Borrowing rates

BSP cuts lending rates to new all-time low of 2%

Metro Manila (CNN Philippines, November 19) – The Bangko Sentral ng Pilipinas on Thursday triggered another drop in interest rates to an all-time low of 2%, hoping that lower borrowing costs will support an economic rebound.

The Monetary Board cut the policy rate by 25 basis points, now the lowest on record as the Philippine economy remains in recession due to previous lockdowns amid the COVID-19 pandemic. The last rate cut was in June.

Banks and other credit companies use BSP rates as a benchmark for pricing loans, credit cards, and deposit rates. Since the start of the year, the central bank has lowered the key yield by 2% so far this year.

Demand deposit and loan rates were also lowered to 1.5% and 2.5%, respectively. BSP Governor Benjamin Diokno said authorities had taken note of “high uncertainty” as COVID-19 infections rose again in parts of the world, as well as the moderation of the global economic outlook.

“At the same time, the Monetary Board noted that if domestic production contracted at a slower pace in the third quarter of 2020, subdued corporate and household sentiment and the impact of recent natural calamities could be powerful obstacles to the recovery of the economy in the coming month, ”said the head of the central bank, also noting the downward trend in inflation at the local level.

This decision was not expected by the markets, with most players expecting the BSP to remain on hold.

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The lower yields take effect on Friday, November 20. The key rate is now lower than the average inflation rate of 2.5% for the first 10 months of the year.

The BSP said that “there remains a critical need for continued political support measures” to revive the national economy and revitalize market confidence.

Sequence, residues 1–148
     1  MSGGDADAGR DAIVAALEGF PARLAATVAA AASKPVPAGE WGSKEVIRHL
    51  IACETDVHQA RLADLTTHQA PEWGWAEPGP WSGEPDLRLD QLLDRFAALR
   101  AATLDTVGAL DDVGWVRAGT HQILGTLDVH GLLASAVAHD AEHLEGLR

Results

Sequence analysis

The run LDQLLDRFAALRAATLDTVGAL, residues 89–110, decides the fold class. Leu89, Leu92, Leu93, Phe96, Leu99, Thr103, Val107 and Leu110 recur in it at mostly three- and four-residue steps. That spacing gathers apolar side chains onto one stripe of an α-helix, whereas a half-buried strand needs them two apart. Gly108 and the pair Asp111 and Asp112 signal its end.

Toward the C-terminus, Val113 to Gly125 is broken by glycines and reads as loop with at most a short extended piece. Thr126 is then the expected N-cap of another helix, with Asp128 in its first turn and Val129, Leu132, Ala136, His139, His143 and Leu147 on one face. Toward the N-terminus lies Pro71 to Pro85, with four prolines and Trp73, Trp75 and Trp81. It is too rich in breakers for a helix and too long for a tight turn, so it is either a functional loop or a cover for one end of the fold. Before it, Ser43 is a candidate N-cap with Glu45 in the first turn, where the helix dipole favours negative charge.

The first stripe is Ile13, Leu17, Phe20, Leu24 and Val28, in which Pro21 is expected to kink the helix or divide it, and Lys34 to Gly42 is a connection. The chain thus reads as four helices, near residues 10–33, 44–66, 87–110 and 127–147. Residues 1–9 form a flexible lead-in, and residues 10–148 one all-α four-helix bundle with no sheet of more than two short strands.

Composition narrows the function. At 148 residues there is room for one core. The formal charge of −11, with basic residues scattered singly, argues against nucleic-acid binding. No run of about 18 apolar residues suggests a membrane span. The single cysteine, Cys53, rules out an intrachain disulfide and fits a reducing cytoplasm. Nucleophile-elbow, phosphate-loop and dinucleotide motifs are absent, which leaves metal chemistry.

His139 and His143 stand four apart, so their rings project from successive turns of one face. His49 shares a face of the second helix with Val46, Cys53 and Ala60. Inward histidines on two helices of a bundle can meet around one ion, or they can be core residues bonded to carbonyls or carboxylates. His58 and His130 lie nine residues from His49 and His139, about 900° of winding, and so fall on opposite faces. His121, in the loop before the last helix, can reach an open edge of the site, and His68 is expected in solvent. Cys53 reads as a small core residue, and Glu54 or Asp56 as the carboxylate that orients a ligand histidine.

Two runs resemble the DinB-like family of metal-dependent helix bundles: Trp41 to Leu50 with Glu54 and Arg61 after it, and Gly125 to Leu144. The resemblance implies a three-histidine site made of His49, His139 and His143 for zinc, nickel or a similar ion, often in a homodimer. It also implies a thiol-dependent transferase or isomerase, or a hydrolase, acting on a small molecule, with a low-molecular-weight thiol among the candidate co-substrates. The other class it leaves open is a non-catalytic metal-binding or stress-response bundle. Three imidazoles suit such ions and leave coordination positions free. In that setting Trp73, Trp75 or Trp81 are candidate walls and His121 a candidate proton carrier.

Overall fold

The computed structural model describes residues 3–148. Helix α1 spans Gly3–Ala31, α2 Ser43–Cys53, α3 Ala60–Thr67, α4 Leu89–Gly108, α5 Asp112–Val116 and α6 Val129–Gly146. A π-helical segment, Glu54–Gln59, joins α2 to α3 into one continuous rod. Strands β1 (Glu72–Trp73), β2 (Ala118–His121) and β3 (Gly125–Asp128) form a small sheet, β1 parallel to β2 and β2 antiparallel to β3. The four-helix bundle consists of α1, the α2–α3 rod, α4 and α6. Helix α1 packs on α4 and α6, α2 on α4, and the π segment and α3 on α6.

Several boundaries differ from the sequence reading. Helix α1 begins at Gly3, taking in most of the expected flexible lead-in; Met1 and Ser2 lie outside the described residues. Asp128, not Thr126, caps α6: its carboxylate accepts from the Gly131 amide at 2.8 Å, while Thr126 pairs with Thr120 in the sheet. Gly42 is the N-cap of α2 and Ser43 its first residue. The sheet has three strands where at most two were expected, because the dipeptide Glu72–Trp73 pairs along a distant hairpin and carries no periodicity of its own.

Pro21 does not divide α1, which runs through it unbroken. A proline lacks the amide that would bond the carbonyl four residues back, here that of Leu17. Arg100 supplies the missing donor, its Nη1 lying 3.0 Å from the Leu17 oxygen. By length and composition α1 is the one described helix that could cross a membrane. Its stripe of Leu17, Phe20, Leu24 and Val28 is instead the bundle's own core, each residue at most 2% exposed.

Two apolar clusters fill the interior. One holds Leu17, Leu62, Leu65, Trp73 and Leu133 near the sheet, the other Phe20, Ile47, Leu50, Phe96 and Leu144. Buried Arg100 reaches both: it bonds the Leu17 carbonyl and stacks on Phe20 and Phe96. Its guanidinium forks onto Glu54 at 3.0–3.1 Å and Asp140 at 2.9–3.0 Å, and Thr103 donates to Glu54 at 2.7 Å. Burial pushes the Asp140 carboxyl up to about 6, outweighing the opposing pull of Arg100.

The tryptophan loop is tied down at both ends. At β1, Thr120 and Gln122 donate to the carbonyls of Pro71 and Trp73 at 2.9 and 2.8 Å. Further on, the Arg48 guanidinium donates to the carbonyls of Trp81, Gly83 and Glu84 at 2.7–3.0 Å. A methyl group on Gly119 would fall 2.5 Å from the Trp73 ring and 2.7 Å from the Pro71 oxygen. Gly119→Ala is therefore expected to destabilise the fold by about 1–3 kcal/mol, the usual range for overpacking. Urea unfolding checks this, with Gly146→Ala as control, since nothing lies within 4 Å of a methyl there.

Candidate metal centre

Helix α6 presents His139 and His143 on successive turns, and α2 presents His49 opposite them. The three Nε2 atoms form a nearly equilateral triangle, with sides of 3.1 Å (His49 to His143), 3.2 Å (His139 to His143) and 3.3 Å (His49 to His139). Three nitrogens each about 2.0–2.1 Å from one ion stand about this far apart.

The central bank’s move came a week after the government announced that the economy shrank another 11.5% in the third quarter, following the worst-ever contraction of 16.9% between April and June.

The government expects a gradual rebound in growth by next year, as stay-at-home policies have been relaxed. Current quarantine rules now allow more people to go out shopping, dining and traveling, hoping to get the economy back on its pre-pandemic growth path.

The BSP sees inflation stabilize within its target range of 2 to 4% over the next two years, with forecasts of 2.4% for 2020, 2.7% for 2021, 2.9% for 2022.

BSP Deputy Governor Francisco Dakila, Jr. has said he expects the central bank to remain accommodative “over the next several months,” suggesting rates will likely stay low for now. The short term goal is to strengthen market sentiment and provide liquidity for loans.

The problem, however, is that the banks are reluctant to lend. Bank lending rose only 2.8% in September, driven by double-digit increases a year ago and a sharp slowdown from previous months. Lenders have reduced risk tolerance as they too grapple with the poor business outlook and income outlook due to the global coronavirus crisis.

“Controlling the virus would be the most important factor leading to a resumption in demand for loans,” said Dakila, noting that any future plans to exit this ultra-low cost of borrowing regime will be “swift and gradual. “.

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He added that reviving consumer spending depends on containing the pandemic and developing an effective vaccine.

“Despite the new wave of easing, we are not convinced bank lending will pick up anytime soon given the declining growth outlook, high unemployment and still negative consumer confidence,” said Nicholas Antonio Mapa, economist principal of ING Bank, in a market commentary.

For Capital Economics, this may not be BSP’s latest easing move. “Given the likely weakness of the economic recovery, we believe the BSP will cut rates further next year,” Asian economist Alex Holmes said.

The BSP will hold its last rate-setting meeting of the year on December 17.